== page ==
Upcoming book:

Modern .NET Development with Azure and DevOps

Generating static sites from ASP.NET Core MVC apps


As a long time .NET developer, it has bothered me that there is no way for us to have cheap/free apps using the tools we know. Think of this simple/common scenario:

You are a C#/.NET developer that knows a bit of web development but not a lot (or not at all) of the multiple JS frameworks that exist these days. You want to develop a simple static website for yourself or a friend/family member and you want it to be as cheap as possible, and even better if it's free since it's not a critical website. What are your options?

  1. Write the entire website with just HTML+CSS+JS. While you know the technologies and you can do it, you have to remember to update all HTML files each time you want to update the header/footer.
  2. Spend countless hours learning a new JS framework (React.js, Vue.js, Angular, etc. etc. etc.). This gives you a lot of flexibility and you can end up with a great site, but do you have the time to learn the framework, and is the site dynamic enough to warrant the download time of all the libraries?
  3. Accept the fact that the stack that you know is expensive to run, since even when .NET is OSS and runs on Linux, most of the free/cheap hosting solutions only accept some JavaScript server-side framework, and hence pay a premium for a static website. USD 5 a month might not seem like a lot of money for people in certain countries, but it is a lot in many places.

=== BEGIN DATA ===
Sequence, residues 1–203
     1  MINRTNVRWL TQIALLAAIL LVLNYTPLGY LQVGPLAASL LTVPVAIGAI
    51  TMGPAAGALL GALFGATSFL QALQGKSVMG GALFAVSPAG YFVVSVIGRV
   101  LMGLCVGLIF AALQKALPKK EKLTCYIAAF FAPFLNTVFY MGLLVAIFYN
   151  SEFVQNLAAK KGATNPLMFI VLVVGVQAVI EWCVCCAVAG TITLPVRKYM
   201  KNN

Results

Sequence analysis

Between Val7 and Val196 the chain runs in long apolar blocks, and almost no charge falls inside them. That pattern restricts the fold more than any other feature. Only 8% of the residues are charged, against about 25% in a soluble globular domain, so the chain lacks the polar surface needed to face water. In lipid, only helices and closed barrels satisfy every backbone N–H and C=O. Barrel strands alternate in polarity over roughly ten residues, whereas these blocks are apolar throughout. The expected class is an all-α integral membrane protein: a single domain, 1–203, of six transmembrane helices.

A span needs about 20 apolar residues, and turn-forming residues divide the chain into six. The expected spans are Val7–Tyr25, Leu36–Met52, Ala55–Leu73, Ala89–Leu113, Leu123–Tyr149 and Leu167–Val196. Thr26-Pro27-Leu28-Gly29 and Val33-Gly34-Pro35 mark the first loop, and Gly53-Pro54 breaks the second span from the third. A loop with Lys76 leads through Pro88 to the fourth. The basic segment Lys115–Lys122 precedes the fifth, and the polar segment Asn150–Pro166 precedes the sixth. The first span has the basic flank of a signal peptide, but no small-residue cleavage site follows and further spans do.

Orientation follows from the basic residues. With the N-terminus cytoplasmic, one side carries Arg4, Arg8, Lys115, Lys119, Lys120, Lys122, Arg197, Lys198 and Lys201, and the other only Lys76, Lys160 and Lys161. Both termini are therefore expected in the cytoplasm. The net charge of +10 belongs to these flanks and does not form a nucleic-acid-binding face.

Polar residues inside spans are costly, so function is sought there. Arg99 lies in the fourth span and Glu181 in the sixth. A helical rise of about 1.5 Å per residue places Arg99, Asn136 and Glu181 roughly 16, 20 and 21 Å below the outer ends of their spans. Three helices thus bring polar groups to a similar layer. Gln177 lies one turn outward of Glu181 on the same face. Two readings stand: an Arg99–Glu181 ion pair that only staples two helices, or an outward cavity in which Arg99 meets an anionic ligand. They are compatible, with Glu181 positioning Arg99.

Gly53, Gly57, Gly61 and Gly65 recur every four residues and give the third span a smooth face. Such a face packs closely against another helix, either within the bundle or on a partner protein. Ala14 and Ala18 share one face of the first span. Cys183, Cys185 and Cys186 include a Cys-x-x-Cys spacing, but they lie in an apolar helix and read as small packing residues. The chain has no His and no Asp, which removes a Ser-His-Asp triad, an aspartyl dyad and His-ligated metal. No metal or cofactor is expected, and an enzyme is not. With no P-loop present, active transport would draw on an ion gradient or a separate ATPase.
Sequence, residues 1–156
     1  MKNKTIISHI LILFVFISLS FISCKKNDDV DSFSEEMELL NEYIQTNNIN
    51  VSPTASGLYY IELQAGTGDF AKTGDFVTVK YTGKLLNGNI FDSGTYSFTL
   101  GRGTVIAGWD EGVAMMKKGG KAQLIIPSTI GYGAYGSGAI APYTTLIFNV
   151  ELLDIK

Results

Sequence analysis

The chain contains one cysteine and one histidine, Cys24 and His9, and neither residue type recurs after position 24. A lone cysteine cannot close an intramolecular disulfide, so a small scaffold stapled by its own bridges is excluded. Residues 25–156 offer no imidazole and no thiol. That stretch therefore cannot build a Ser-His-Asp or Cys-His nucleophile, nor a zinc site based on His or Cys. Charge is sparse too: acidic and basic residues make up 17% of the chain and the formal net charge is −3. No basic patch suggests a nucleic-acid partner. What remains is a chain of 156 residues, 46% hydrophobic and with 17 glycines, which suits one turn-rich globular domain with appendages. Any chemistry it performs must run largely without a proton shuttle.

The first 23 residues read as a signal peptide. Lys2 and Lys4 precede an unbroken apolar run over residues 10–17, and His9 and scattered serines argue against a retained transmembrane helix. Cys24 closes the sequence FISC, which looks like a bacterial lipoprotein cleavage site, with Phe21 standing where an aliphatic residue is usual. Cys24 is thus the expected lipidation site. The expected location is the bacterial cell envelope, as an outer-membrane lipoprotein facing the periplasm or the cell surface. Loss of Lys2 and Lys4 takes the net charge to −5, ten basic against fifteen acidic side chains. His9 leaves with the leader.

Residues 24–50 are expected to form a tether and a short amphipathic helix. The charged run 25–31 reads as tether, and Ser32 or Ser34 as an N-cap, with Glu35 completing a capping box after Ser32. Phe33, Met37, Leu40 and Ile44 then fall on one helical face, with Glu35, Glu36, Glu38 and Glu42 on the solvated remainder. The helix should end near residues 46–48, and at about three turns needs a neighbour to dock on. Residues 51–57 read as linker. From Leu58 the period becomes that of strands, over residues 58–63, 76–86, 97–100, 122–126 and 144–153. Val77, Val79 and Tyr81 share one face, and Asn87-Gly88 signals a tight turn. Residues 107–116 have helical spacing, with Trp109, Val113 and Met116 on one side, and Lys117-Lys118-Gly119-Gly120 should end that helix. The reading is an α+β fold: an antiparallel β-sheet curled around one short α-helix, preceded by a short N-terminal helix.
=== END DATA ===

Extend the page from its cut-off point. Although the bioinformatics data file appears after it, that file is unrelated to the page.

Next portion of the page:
Let's go through another scenario. You are developing a website for a product/service that may need a back-end in the future if things go well. You don't want to pay for a backend now since you don't need it, but then you have again the same problem. Either you:

  1. Do it all in some static/client-side framework, and spend the time learning the framework and whatnot. Then, when the need arises, you recreate the application in ASP.NET Core MVC as you would have done normally. Or,
  2. You pay for the hosting of ASP.NET Core from the beginning.

What is clear is that we are missing a way to use ASP.NET Core MVC without paying for a back-end when it's not necessary. Unfortunately, Microsoft has never given us something similar to this. While we have options like Blazor, that is again a new framework to be learned, and you need to keep in mind the limits around WebAssembly, not to mention the huge size of the libraries for just a static website.

Introducing the .NET tool: ssg

I recently started thinking about the idea of compiling all Views from an ASP.NET Core MVC into HTML files that can then be used as a static website. Since Razor supports view compilation through services, this could also be used to generate HTML files.

From this idea and toying around with the framework, the ssg .NET tool was born: https://www.staticsitegenerator.net/.

How it works

This .NET tool works as follows:

  • You create your ASP.NET Core MVC projects as usual. You use Controllers, Views, Layouts, Partials, and so on, and use Visual Studio (or VS Code) to run your app locally.

  • When you are happy with the application as it is, you install the .NET tool (if not previously installed). This can be done globally, for example, as follows: